Take this 37-34 loss for what it is: Texas stumbled in its Big 12 opener, falling as a favorite on the road after leading by two touchdowns near the end of the third quarter. The national goodwill earned from the 20-19 loss to Alabama has been chipped away, the national ranking will be gone on Sunday and there are some serious questions to answer over these next four weeks.
Our takeaways from Texas’ overtime loss:
What does Texas’ loss to Texas Tech mean?
On the obvious front, it drops the Longhorns to an even 2-2 on the season and 0-1 to start Big 12 play. Yes, 3-1 and 1-0 would have looked much better. Because it would be much better.
Whys of Texas:Yeah, the Horns spent $280,000 on Arch Manning’s visit. And? So?
Things are about to get pretty real in the conference, with what should be a season-shaping run of Oklahoma, Iowa State and Oklahoma State in back-to-back weeks starting in two weeks. The record and ranking would have been nice, but there are more important things to worry about, specifically how this team will bounce back, if this team will bounce back, how much longer Quinn Ewers will be out and how Texas responds to the rest of the Big 12.
This has been a bit of a rollercoaster season despite the 3-1 start, going from blowing out ULM in the opener to looking like one of the better teams in the country against Alabama, then the first-half sleepwalk and second-half surge against UTSA. Quinn Ewers was lost early in the second game, Hudson Card has gone 2-0 in his place and when you come down to it, you probably should be feeling pretty good about this team at the end of every game so far, even the 20 -19 heartbreak to the Tide.
So, what happened?
Oddsmakers thought this would be a tight one and they were right. Texas looked like it had gotten things under control when it went up 31-17 in the third quarter, but couldn’t close it out. The defensive line overcame a slow first quarter to start applying steady pressure over the second and third quarters, but looked tired in the critical fourth. Tech began to focus on its two big tight ends in the second half and the Horns lost more of those coverage battles than they won. Maybe Joey McGuire picked up the success UTSA had last week against Texas with its tight ends. Hudson Card played fine, took few shots downfield, made one bad mistake, kept Texas in the game and made a couple of big throws and one big run. But the offense looks a little off.
More:Golden: Texas is showing that now, double-digit deficits do not equal doom
A player on the rise: Jahdae Barron
Barron followed up being named the Big 12’s defensive player of the week for his pick-six last week with another strong game — nine tackles, including five solo stops, and two tackles for loss. He was active all day.
He had three tackles and two tackles for loss in the first half, including a loss of three after popping Tajh Brooks. That play forced a third-and-long that the Red Raiders didn’t convert. He stuffed Brooks for no gain on the final play of the third quarter. And his open-field stop of Donovan Smith on third-and-10 forced a fourth-and-5 with eight minutes left in the game (Tech converted it).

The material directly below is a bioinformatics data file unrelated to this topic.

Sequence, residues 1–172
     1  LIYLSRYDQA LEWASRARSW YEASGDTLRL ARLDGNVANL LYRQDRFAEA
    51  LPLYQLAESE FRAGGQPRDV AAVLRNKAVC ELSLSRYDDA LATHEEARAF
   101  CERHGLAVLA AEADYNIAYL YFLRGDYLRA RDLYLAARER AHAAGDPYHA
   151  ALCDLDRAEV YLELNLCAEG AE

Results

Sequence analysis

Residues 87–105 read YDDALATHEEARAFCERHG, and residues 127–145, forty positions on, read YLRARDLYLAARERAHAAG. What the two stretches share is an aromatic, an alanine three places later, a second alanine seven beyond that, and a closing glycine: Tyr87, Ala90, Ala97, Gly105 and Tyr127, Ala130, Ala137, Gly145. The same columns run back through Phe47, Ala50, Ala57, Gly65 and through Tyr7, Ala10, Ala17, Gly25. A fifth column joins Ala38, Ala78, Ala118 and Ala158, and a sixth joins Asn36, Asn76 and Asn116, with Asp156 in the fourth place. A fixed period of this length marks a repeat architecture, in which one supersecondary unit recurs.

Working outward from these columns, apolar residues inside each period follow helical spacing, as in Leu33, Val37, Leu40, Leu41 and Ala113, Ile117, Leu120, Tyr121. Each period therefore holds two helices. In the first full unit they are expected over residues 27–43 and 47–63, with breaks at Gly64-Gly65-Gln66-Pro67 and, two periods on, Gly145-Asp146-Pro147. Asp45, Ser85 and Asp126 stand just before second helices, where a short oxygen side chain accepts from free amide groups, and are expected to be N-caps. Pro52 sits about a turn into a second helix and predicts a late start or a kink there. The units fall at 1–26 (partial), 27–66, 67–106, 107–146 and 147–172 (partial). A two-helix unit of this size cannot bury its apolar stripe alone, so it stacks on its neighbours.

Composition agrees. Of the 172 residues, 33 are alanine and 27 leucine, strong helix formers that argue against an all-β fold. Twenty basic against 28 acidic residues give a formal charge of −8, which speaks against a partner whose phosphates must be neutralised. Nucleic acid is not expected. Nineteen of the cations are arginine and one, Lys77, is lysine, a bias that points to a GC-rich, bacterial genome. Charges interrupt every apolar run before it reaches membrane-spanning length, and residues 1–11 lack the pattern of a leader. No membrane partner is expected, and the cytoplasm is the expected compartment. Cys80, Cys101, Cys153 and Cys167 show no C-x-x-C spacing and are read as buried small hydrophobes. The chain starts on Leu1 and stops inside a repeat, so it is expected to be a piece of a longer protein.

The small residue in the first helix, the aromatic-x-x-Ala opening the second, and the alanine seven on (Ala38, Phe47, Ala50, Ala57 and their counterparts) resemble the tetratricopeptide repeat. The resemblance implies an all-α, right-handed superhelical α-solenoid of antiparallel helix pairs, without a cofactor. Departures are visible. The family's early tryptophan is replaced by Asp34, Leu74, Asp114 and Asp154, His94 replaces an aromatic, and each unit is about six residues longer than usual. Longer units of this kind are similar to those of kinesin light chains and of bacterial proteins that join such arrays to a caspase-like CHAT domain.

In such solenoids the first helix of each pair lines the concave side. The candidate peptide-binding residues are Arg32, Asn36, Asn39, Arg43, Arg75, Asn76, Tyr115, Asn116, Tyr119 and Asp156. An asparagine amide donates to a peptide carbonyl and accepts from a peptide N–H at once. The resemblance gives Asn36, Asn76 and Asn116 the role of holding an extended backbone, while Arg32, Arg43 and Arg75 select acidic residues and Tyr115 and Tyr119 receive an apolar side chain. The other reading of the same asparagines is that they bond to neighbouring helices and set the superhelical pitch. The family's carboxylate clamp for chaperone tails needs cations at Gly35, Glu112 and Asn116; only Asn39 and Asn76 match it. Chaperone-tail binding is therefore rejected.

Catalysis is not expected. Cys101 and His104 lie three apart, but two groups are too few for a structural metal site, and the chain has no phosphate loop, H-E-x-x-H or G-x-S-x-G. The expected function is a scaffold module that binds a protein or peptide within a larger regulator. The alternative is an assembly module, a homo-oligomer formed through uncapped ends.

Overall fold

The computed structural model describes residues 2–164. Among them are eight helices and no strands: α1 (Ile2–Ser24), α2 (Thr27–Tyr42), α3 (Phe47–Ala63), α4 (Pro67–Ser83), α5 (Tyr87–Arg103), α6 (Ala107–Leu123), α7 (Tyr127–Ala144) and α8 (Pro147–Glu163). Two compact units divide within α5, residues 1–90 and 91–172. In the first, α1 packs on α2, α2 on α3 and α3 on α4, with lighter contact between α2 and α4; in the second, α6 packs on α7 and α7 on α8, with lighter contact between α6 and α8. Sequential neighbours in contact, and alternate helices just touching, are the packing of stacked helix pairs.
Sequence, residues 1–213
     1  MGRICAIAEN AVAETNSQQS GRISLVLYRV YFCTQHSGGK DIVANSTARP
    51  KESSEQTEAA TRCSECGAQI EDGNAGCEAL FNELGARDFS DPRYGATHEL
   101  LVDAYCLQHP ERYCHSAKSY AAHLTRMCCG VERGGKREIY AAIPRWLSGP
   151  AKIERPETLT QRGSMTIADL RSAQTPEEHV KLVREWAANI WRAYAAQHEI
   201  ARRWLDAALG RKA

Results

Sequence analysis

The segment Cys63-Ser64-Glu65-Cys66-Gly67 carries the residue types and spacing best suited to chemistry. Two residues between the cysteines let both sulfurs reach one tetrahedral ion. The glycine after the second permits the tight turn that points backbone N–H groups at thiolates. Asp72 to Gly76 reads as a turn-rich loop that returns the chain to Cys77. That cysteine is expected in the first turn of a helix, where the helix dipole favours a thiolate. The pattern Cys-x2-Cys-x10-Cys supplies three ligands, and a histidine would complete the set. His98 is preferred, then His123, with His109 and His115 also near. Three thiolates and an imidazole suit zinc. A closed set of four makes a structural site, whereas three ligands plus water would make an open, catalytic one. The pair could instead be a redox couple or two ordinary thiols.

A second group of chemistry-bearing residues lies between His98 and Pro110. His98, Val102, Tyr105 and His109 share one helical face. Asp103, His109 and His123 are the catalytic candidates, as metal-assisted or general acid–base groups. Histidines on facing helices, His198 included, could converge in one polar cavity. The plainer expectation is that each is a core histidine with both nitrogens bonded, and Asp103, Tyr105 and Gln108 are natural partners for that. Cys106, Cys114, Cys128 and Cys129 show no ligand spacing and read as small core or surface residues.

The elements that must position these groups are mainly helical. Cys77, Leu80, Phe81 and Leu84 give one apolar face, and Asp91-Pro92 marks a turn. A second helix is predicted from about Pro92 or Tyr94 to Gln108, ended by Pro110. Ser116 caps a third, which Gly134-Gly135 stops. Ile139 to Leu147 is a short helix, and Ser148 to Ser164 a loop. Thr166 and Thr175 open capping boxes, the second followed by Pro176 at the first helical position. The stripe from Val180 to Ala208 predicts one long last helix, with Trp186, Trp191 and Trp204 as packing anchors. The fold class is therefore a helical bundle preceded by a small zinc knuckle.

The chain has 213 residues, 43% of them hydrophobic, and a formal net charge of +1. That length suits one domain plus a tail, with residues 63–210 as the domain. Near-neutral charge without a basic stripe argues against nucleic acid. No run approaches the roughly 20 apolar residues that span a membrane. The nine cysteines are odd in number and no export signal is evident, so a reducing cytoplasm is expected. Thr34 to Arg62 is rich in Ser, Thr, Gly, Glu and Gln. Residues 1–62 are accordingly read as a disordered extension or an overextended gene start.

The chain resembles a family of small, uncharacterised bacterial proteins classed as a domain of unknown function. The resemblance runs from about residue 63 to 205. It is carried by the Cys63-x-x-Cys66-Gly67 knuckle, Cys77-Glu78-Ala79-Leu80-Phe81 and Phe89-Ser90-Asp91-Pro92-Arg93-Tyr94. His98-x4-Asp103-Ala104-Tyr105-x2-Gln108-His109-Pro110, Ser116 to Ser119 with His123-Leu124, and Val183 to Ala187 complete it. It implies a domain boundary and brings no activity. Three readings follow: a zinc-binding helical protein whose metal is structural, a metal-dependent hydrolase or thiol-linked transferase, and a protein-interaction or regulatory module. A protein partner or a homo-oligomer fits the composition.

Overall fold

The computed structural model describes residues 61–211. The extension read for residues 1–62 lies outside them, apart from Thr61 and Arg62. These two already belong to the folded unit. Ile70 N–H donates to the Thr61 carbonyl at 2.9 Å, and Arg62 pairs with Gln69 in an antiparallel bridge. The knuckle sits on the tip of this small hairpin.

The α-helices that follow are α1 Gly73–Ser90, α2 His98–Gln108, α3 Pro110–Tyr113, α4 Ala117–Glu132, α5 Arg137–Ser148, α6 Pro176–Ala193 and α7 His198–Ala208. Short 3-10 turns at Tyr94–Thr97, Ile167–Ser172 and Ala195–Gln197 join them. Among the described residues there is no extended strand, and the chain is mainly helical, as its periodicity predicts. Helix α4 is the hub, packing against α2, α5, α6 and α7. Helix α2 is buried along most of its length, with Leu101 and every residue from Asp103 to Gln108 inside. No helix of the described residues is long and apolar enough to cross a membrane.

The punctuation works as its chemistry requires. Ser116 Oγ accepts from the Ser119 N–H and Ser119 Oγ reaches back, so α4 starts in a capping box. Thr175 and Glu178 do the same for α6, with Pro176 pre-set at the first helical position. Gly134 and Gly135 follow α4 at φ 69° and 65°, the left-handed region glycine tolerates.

Other Horns who looked good in Lubbock today: Anthony Cook, Ryan Watts, Keilan Robinson, Jordan Whittington and Casey Cain.
More:While quarterbacks get the attention, Texas’ young offensive line quietly strengthens
The three biggest plays of the game
Bijan Robinson never fumbles — until he does: As brilliant as Robinson looked on some plays today, his fumble on the first drive of overtime ended up being the real Longhorns killer. A Tech tackler knocked the ball loose and the Red Raiders recovered. Then won it. For the game, Robinson finished with 17 touches for 123 total yards and two touchdowns. And the one fumbled.
Tarik Milton’s catch: Yes, Bert Auburn’s 48-yard field goal as time expired sent this game into overtime, and yes, Hudson Card was masterful in getting Texas into Auburn’s range with 21 seconds left and no timeouts to work with. But it was his 28-yard pass to Milton that was so critical, as it set up Card’s next pass with only six seconds left to Ja’Tavion Sanders. And that completion set up the field goal.
Ford alters the game: Jaylan Ford affected this game when Texas really needed someone to make a play – and he won’t even get credit for it on the final stats sheet. With the Horns on shaky ground, trailing 14-10 in the second quarter and the Red Raiders driving at midfield after picking off Hudson Card, Ford flashed a blitz on third-and-6, forcing Tech’s center into a false start. Tech failed to convert on third-and-11, Texas regained momentum and then went up 17-14 on its next drive. The Horns never trailed again after Ford’s play.
Today was Tech’s sixth sellout at home vs. Texas. … Since that huge 2008 loss that ended with Graham Harrell’s game-winning touchdown throw to Michael Crabtree, the Longhorns had owned Tech in Lubbock. Today’s loss was Texas’ first in Lubbock since that game; overall, the Horns are 54-16 against Tech and 22-11 in Lubbock. And Texas’ four-game winning streak over the Raiders was snapped, too. … Boy, did Texas’ kickoff team look ready and focused on Tech’s kickoff after the touchdown that made it 31-31 in the fourth. Last week, the Longhorns looked woefully not ready for UTSA’s surprise onside kick.
Up next for Texas: West Virginia, next Saturday at Royal-Memorial Stadium (either ESPN or Fox).
We’re waiting on the Big 12 to tell us when this game will kick off.
The Mountaineers are 2-2, 1-0 after Thursday night’s 33-10 win over Virginia Tech. The conference loss was to Kansas two weeks ago (55-42 in overtime, in Morgantown). Texas lost 31-23 last year in Morgantown, the sixth and final loss of that six-game losing streak. The Longhorns and Mountaineers have split their last six games with each other.